“And I just blew out a cloud of cigar smoke and said, nice as could be, ‘Well, Johnny, I guess my type of girl smokes cigars. I’m so excited for going up to the Point with you I needed this to calm down.’” Donna recalled with a smile.
“I took another big puff and consciously didn’t blow the smoke out the window, just let it hang there in his car,” Donna said, after taking a puff of her cigar in the present day. “Johnny just kind of made sputtering noises. He didn’t know what to say. ‘Johnny,’ I said to him, ‘You know I’m a heavy smoker. Didn’t they teach you in health class how addictive nicotine is? I need tobacco. I am hooked! Especially since this will be my first time with a boy.’”
“And then, to kind of get back at him for being so annoying about my cigarettes all the time, I played dumb. I said, ‘I’m smoking a cigar to make this better for you, Johnny. You said you don’t like the taste of cigarettes on my breath. But maybe you’ll be okay with a cigar taste.’”
Donna snickered at the memory of how her grandmother’s plan was coming together. “Well, Johnny spun the car right around. Right in the middle of the road. And he just guns the engine and starts flying back down the hill. He was so upset. ‘Do your parents know you smoke those nasty things?’ he asked me. And I said, ‘Actually, I smoke cigars with my mother and grandmother,’ which of course was true. He couldn’t believe it.”

Donna laughed. “Johnny’s head was exploding. ‘You smoke cigars with your mother and grandmother? What a bunch of freaks you people are! This is nuts!’ I remember him cursing at me the whole way back to my house.”
“He barely stopped the car so I could get out at home,” Donna continued. “‘Bye Johnny,’ I said, and he just muttered, ‘Get out. I’m never calling you again.’ My mom and grandma watched him drop me off from the front porch.”
“The three of us thought it was hysterical. ‘I’m glad it worked,’ was all my grandmother had to say.” Donna laughed a throaty laugh at the memory.
Donna took a short puff off her cigar. Through a talking exhale, she spoke. “So, that’s Johnny Belsom. And how I had a cigar to avoid sex. Now, as an adult woman, I can smoke a cigar anytime I want to. Especially after great sex,” Donna said, squeezing my hand gently.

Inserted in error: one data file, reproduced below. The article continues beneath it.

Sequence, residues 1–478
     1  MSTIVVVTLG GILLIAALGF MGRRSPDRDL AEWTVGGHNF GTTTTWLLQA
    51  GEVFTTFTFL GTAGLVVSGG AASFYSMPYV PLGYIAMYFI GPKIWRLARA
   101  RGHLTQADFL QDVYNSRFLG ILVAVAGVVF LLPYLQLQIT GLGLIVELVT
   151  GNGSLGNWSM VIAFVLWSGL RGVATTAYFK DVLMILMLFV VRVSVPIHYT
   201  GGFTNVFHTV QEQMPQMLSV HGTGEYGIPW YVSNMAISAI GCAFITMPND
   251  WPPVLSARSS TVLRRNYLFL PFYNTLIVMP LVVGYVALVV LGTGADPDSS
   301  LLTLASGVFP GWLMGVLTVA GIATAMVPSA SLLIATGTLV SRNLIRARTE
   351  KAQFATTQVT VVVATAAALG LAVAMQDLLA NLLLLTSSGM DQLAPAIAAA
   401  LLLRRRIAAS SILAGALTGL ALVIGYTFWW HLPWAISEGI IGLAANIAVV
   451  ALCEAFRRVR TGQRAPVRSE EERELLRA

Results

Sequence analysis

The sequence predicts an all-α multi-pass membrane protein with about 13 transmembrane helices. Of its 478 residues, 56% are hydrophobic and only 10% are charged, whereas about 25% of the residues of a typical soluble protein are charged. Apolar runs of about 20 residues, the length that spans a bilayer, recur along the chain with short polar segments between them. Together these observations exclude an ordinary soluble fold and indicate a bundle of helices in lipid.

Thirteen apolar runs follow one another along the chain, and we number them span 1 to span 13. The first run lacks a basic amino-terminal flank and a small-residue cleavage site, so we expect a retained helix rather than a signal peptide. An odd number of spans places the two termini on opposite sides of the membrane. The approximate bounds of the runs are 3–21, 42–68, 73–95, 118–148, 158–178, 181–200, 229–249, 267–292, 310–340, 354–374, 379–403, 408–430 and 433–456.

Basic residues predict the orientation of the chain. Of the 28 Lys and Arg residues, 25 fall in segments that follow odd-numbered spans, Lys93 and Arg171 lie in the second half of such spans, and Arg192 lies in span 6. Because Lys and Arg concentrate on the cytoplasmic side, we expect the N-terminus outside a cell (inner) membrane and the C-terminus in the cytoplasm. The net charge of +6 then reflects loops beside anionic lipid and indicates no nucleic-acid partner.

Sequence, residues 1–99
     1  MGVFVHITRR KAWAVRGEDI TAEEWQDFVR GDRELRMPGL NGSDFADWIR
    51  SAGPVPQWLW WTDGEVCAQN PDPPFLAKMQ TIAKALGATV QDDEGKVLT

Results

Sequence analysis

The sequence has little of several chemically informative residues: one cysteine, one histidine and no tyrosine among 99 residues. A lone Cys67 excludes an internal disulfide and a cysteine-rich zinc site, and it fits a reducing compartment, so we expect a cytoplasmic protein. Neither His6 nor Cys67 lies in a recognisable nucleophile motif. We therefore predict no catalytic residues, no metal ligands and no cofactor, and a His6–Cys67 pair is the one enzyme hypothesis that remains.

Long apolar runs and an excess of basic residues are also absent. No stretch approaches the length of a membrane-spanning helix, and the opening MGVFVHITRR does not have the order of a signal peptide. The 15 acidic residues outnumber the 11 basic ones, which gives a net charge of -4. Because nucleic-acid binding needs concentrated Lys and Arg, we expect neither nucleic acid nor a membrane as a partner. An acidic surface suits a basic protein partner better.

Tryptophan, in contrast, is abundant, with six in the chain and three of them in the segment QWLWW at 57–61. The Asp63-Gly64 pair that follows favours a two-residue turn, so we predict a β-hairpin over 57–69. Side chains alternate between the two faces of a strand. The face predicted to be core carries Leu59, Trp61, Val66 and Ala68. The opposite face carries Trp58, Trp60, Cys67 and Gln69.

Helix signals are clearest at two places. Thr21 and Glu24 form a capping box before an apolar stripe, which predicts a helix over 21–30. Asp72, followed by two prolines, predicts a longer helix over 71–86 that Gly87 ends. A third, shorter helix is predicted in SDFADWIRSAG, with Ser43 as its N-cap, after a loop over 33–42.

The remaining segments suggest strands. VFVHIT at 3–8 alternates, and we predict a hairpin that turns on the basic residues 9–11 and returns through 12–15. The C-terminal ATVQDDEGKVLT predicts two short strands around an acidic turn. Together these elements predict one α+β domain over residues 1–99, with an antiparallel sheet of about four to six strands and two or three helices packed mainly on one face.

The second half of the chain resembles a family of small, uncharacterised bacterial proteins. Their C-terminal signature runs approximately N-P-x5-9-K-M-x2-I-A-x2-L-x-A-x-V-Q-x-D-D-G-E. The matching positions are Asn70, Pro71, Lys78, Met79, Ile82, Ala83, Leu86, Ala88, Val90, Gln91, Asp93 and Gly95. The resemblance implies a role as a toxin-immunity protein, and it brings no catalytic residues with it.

I squeezed her hand in return and Donna smiled. “Johnny Belsom didn’t know what he was missing,” I said with a smile.
Chapter 8: Denial
One morning after breakfast at my condo, Donna and I discussed going out to dinner that night. Many of the restaurants on the Island have outdoor patios to take advantage of the sea breeze, and most of those allow patrons to smoke. Given her heavy cigarette habit, I wasn’t surprised that Donna knew all of the ones that allowed smoking. We settled on a nice restaurant – nice, for this small beach town, meaning some of the menu selections weren’t fried – on the inland-facing side of the barrier island.
Donna surprised me by making a special request – not really a request of me, but rather proposing something she wanted to do when we went to dinner. “This sounds strange, Stan. But when you tied my hands in the shower and had me dangle my cigarette, it felt kind of neat to be a little submissive. I mean, I liked the dangling, and definitely seeing you get so turned on. But being a little bit restricted turned me on, too, in a way,” Donna said, putting out her Slim.
I lit up her next cigarette before she continued. “So, I thought about that feeling some, and there’s something I want to try at dinner tonight. I want to restrict myself from smoking to feel that restraint in the form of a craving I’m going to impose on myself. I want to be tempted by you smoking cigarettes, and I won’t smoke any. I’ll be watching you and totally jonesing for a cigarette, especially

when we get drinks and after we eat – you know those are two times I always have to light up. But then when we leave the restaurant, I’ll smoke one – actually a bunch of cigarettes in a row, for sure – and it will be like I punished myself by not smoking at dinner, but then released myself. Does that make any sense to you?”
“I think so. You want to tease yourself with your nicotine addiction, I think,” I said, trying to process her request. I’m not sure I fully understood, but getting to watch Donna try to wrestle with the “third rail” of her strong nicotine addiction was definitely something I was interested in observing. “You know I’m up for exploring things. This one especially, as all I have to do is smoke,” I laughed. “So let’s give it a try. Should we use the same safety word – if you want to let yourself loose from cigarette denial, just say ‘octopus’ and I’ll light you up?”
“Sure,” Donna said. “I’m going to try to go the whole dinner, though, from when we get there through when we leave. But if I can’t, I’ll work ‘octopus’ in a sentence,” she said, smiling at the crazy emergency brake we were putting in place for her game.
At the restaurant that night, Donna looked lovely. She was wearing a turquoise top that accentuated her cleavage, along with white shorts. She greeted me with a kiss and I smelled fresh cigarette smoke on her. “I had a cigarette in the car on the drive here. To sort of tide me over,” she offered.
We were seated quickly and after ordering our drinks, I lit a cigarette. Donna wasn’t showing any outward signs of temptation as I smoked it, and we chatted idly about how our days had gone.
Her craving increased when our drinks came. “You know how much I love a cigarette with a margarita,” she said, tapping her fingers lightly on the table as I lit another Parliament.
“Maybe the margarita will taste better if you’re not smoking?” I teased her a bit..